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Stretching and flexibility

Intro

Your need to stretch before you exercise, RIGHT!  Well, maybe not. You know exercise is important, but what about stretching? Does stretching help or hinder your exercise routine?

Scientists don't fully understand what happens during a stretch. They know it will make you more flexible, but they don't know how it does it.

Some of the advantages of stretching 

  • It may improve your flexibility, and, consequently, the range of motion of your joints. 
  • It may help your muscles work most effectively and thus improve your athletic performance. 
  • It may decrease your risk of some injuries. This doesn't mean you can't get injured; it just means it may help prevent some injuries; although, it does nothing to prevent such things as an overuse injury. Increases blood flow to the muscles.

Some of the disadvantages of stretching

  • Some research shows that stretching doesn't reduce muscle soreness after exercise.
  • Florida State researchers have found that stretching before a run makes you about 5% less efficient.
  • Italian researchers found that toe-touching exercises change the force-transmission properties of muscle fibers and alter brain signals to the muscle, reducing exercise efficiency by about 4%. 
  • Insufficient scientific evidence that pre-exercise stretching reduces injury risk.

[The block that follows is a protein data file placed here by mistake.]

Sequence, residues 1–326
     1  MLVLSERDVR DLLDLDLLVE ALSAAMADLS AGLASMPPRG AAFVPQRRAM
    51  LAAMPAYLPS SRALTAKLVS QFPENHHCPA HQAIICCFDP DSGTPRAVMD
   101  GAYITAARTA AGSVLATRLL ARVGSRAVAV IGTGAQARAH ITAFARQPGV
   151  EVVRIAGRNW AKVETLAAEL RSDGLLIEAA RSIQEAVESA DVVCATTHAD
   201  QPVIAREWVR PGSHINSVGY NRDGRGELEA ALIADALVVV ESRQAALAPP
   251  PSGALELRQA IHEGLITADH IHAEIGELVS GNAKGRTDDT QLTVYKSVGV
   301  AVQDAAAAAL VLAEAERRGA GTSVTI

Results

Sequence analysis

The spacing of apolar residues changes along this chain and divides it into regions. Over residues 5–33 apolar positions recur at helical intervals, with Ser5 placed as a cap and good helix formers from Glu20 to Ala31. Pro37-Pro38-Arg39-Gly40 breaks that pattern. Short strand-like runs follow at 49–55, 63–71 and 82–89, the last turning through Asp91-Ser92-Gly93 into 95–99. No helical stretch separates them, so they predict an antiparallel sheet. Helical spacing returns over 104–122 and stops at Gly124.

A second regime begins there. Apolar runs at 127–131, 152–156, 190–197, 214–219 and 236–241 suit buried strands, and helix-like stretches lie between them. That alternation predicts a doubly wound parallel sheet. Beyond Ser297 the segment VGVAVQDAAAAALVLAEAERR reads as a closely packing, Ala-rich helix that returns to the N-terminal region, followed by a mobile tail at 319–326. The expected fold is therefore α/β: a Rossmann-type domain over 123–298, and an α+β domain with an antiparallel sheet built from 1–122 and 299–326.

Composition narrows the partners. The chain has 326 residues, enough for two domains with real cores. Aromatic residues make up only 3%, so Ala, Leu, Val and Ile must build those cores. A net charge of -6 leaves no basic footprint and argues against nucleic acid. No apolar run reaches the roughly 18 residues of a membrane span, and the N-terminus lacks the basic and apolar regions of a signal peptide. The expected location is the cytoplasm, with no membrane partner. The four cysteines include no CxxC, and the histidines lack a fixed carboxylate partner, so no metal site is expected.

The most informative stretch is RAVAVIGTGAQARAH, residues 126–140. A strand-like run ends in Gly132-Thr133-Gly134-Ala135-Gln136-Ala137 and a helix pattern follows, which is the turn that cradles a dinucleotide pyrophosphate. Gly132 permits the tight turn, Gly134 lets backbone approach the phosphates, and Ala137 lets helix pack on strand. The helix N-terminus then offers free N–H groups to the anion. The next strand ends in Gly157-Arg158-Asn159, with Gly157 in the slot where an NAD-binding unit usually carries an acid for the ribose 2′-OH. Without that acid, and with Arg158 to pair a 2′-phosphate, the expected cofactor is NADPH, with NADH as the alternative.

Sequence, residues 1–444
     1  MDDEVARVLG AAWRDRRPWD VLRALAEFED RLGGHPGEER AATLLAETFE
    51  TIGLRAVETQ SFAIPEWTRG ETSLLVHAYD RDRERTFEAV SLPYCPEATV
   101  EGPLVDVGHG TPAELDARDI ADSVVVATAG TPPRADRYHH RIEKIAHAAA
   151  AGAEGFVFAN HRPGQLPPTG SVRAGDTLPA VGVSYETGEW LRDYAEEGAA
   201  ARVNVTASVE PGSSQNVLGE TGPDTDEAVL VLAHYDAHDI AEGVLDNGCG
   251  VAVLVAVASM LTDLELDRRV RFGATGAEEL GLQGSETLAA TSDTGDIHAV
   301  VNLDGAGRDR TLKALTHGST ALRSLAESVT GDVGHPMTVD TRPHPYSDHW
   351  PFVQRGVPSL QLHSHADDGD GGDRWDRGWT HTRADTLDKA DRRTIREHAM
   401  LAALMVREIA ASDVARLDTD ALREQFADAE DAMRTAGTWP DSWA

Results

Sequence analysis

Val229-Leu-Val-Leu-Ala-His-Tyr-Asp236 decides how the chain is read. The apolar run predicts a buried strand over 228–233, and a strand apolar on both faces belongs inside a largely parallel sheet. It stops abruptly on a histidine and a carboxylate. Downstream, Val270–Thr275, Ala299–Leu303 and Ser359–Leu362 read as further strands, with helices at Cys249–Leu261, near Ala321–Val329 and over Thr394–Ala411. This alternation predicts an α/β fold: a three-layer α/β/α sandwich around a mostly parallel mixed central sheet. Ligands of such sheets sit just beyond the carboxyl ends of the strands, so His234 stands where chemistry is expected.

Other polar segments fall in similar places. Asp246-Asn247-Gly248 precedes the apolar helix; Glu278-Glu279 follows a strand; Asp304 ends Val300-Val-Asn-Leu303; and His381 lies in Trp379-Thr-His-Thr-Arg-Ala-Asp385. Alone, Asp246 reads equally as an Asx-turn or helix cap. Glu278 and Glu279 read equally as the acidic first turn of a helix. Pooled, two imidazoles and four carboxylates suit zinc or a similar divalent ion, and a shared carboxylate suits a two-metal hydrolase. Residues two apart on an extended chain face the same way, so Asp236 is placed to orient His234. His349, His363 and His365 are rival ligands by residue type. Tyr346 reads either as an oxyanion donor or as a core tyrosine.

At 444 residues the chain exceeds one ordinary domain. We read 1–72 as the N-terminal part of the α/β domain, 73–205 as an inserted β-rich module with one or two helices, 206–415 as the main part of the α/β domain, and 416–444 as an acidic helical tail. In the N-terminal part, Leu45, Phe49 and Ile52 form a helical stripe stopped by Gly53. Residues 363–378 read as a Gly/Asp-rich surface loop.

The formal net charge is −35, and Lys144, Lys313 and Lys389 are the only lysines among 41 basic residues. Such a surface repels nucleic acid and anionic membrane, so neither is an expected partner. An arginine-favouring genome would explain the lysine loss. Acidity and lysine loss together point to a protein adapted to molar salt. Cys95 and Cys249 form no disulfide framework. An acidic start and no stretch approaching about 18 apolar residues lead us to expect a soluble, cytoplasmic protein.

How does stretching increase flexibility

In June 2014, a study in the journal Clinical Biomechanics found no differences in people's muscles and tendons after six weeks of a static-stretching regimen. So, why does stretching seem to increase flexibility?

We know that stretching doesn't make muscles permanently longer; if it did the muscle would lose power since it would not be able to contact as much. It may be that stretches train the nervous system to tolerate a greater degree of muscle extension before it signals pain.

During a stretch, the muscle fibers and tendons (which attach the muscles to the bones) elongate; however, it is not sustained. The entire muscle complex can't get permanently longer. And if one likens muscle tissue to a rubber band, it would not be a good thing for the muscle to get permanently stretched out, as that would mean a decrease in its elasticity.

The nervous system determines how far a person can stretch. If a stretch doesn't feel safe for the muscle, its nerves will fire, registering pain and resistance. That's why a person under anesthesia can be stretched through a full range of motion with no resistance. Babies are born with full flexibility because their bodies haven't developed a blueprint for ranges of motion that feel unsafe.

With repeated stretches, the nervous system can be retained to be quiet at deeper levels of stretch, a process known as stretch tolerance. This makes it possible for you to flex a joint, more than you could before the training.

The body adapts to the movements you most frequently make or don’t make. Therefore, it must be trained to allow increased flexibility. Although studies have found that passive-training regimens do modestly increase flexibility, it may be more effective to do something called proprioceptive neuromuscular facilitation (PNF), where people extend their muscles and then try to contract them from a lengthened position. A study published in the December 2014 issue of the Journal of Sports Medicine and Fitness found that gymnasts could increase their flexibility more after PNF stretching than after static stretches.